"I'm sorry," he gasps after a while, still clutching his side. "It's not like I can draw either, anyway. But you should see your third captain draw, she's really very good at it."

Some strange feelings bubble up in the pit of her stomach, and she hopes faintly that it's admiration, because she knows the third captain is wonderful, beautiful, and talented. (And is the vice captain's wife.) She always greets the rookie in the hallway with a gentle smile, telling her not to worry about the gossip and the pressure, and to keep up the good work.

"Yes ma'am," she always answers, too awkward to manage anything else.


In that house, everywhere she walks, she feels the dust of the Kuchiki who have stepped there before her, and she thinks, I am not worthy. The expensive tatami seems to trail whispers about betrayal and shame, a peasant in my room, how unseemly; even the walls appear to glare back at her in disdain, with their elaborate paintings and finely-woven screens. She spends most of her time outdoors, still haunted by the chill in her bones, the little voice that tells her she will never belong.

She has no idea what she is doing there, really. At night she sleeps curled up in her expensive sheets, unable to shake off the habit, as if stretching out in comfort might cost her her life. She dreams about dusty roads and the stench of fish, about Renji's red hair and the rough feel of rocks against her skin, and wonders when her idea of home changed so drastically.


His eyes are milky star-torn daggers in the moonlight, his tongue curving like a crazed frog, and he's diving for her with curled fingers and murder on his mind; and she's a rabbit grabbed by the ears, too stunned to even struggle to safety. Her captain's order rings loud in her ears, but her mind doesn't register his words quite as fast as her hands do. They move of their own will, striking forward in this pitch-black night until they meet their mark – and then her hands are warm all over and he's sagging against her and whispering words into her ear, and he's never been this close before, she thinks, dimly. He's dying, isn't he? Why is he dying?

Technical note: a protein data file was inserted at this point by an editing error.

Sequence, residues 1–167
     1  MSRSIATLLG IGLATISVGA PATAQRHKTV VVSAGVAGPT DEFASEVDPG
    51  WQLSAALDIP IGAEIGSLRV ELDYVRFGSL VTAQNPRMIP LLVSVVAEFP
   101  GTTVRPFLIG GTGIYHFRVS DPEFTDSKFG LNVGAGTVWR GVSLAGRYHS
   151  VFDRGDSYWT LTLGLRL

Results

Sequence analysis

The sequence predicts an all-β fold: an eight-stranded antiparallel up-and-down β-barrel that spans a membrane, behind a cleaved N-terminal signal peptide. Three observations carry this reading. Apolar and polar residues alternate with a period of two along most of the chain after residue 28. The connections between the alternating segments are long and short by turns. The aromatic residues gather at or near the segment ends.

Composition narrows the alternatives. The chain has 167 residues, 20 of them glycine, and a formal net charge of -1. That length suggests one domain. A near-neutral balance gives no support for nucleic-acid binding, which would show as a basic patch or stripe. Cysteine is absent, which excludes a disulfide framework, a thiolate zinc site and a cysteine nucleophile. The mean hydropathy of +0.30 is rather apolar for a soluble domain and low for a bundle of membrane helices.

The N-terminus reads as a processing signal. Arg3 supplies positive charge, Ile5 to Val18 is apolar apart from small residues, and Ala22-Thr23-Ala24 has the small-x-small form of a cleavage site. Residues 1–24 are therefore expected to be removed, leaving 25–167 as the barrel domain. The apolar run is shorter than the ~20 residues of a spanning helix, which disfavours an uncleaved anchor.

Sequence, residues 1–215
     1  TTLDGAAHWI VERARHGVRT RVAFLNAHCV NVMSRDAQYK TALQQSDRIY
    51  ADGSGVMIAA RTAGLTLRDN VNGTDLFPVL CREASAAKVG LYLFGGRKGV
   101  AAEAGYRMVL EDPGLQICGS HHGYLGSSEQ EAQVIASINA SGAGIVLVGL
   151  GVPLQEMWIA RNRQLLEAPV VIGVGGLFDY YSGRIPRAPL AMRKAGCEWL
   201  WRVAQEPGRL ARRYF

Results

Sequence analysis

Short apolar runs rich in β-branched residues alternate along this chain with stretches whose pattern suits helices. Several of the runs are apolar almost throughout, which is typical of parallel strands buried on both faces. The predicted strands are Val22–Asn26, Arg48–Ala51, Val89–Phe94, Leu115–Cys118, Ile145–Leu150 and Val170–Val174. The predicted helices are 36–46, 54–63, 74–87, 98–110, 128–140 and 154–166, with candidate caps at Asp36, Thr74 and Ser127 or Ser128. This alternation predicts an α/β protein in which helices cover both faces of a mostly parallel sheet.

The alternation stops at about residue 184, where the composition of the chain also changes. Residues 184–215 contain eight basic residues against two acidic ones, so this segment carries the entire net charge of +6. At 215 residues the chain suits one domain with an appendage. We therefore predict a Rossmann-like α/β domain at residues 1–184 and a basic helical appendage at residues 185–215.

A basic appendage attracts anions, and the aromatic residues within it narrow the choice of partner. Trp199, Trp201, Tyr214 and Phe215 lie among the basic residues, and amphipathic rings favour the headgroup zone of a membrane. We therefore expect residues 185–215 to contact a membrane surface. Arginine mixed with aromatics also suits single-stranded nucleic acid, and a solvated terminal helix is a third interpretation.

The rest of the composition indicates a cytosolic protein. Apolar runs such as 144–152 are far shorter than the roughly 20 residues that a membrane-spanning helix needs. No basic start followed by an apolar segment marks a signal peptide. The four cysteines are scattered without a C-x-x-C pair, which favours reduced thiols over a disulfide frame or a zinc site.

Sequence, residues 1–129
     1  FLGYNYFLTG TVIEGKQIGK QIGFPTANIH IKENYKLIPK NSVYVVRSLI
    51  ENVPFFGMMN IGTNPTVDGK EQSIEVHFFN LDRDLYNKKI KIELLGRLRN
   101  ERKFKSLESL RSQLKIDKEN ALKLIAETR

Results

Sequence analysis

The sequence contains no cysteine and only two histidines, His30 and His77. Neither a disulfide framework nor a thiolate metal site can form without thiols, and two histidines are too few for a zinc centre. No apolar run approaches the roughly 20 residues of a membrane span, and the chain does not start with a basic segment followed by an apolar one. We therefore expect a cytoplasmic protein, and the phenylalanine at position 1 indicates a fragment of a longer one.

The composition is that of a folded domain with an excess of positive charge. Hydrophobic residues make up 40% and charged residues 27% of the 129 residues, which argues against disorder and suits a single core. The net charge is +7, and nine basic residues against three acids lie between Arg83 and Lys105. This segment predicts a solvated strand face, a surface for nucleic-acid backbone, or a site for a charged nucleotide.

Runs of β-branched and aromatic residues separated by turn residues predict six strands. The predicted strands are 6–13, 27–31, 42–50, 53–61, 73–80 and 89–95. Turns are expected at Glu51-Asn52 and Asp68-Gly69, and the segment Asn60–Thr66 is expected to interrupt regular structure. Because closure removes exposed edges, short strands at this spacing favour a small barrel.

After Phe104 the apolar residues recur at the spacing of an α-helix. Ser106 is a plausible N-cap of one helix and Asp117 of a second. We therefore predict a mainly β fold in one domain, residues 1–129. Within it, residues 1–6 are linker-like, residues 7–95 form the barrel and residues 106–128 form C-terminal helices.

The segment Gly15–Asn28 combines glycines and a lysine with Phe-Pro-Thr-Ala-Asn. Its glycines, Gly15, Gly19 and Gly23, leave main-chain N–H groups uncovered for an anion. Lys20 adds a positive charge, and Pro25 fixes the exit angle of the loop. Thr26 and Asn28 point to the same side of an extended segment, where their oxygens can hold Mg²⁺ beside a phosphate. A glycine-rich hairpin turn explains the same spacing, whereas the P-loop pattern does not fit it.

Whatever he says, she doesn't hear it; her world has gone silent, and nothing he can force out of his bleeding lips can change that.


When there isn't any work to do, she practices, somewhere out of the way where people won't hear her chanting and think her insane. She whispers the spells quickly, flawlessly reciting the incantations, like the good student she was, or would have been, if she could have graduated normally, anyway. She puts her fingers into position and concentrates all of her spiritual energy on the tree.

It still doesn't explode.

She can't help it; she kicks at the ground with one very ticked-off foot and badmouths the sky for keeping her powers away from her. If there is one thing she hates to be, it's useless.


She doesn't like being in a gigai; her limbs feel stiff and lumbering most of the time, and if she doesn't stretch them they ache like hell. She doesn't like the restriction of space and magic, and she hates the loss of her zanpaku-to. When she doesn't get enough sleep she feels like fainting; when she oversleeps she feels like kicking herself. She hates the fact that she feels so much, too; little things like stinging at the corner of her eyes, or smiling like she actually means it, makes her cringe with self-disgust. It's unbecoming, all these friendships and ties that humans like to build; it's unnecessary and tiresome and totally not in the field of capable shinigami such as herself.

She doesn't know how they find her when they ask her to have lunch with them. She doesn't know how to politely say 'no.'

So she ends up having lunch with them. Again.

The one consolation of having human skin and bones is that meals might actually be more fulfilling in this form than as a spirit; Ichigo's sister is a very capable cook, and for some reason the food tastes much more solid on her tongue, and in her belly.


She slips out of Yuzu and Karin's room past midnight, stepping lightly even on boards that she knows won't creak. Modern homes are different. They have showers instead of tubs, lights instead of lanterns, and the doors are made of wood, not paper. She prays the door won't creak when she opens it; it doesn't. She climbs into the closet and arranges the pillow and blankets that she carried in from the other room; she settles herself down facing the doorway, and clutches the celphone in one hand. In that little space, with hardly any oxygen, she dreams about waking up to Yuzu's cooking and another day at school, another day spent bickering with people who listen, another day to train for the battles ahead.

She stops dreaming of home; of the dust underfoot, of the silver clips in her niisama's hair, and the blood on her hands. Maybe it's because she doesn't need to sleep to imagine it anymore. More likely it's because the day is much more welcoming, and exciting besides.

A/N: Well, that was broken up oddly, and not at all what I initially intended. The pieces are all over the place. ToT Still, thank you for reading, and I hope you enjoyed. Comments would be greatly appreciated.